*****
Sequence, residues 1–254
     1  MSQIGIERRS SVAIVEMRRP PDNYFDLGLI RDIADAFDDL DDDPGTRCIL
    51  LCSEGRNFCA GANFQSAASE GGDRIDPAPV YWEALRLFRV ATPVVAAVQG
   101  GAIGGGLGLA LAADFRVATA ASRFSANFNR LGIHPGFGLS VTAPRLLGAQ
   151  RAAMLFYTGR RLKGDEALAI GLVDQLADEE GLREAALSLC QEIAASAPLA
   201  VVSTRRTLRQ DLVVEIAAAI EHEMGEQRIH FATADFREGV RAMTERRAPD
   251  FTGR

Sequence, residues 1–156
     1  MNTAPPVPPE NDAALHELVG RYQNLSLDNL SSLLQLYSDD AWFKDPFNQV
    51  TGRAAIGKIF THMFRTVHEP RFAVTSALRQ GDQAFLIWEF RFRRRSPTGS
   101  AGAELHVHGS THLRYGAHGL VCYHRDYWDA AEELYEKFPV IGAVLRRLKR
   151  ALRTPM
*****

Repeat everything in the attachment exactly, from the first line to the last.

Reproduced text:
Sequence, residues 1–254
     1  MSQIGIERRS SVAIVEMRRP PDNYFDLGLI RDIADAFDDL DDDPGTRCIL
    51  LCSEGRNFCA GANFQSAASE GGDRIDPAPV YWEALRLFRV ATPVVAAVQG
   101  GAIGGGLGLA LAADFRVATA ASRFSANFNR LGIHPGFGLS VTAPRLLGAQ
   151  RAAMLFYTGR RLKGDEALAI GLVDQLADEE GLREAALSLC QEIAASAPLA
   201  VVSTRRTLRQ DLVVEIAAAI EHEMGEQRIH FATADFREGV RAMTERRAPD
   251  FTGR

Sequence, residues 1–156
     1  MNTAPPVPPE NDAALHELVG RYQNLSLDNL SSLLQLYSDD AWFKDPFNQV
    51  TGRAAIGKIF THMFRTVHEP RFAVTSALRQ GDQAFLIWEF RFRRRSPTGS
   101  AGAELHVHGS THLRYGAHGL VCYHRDYWDA AEELYEKFPV IGAVLRRLKR
   151  ALRTPM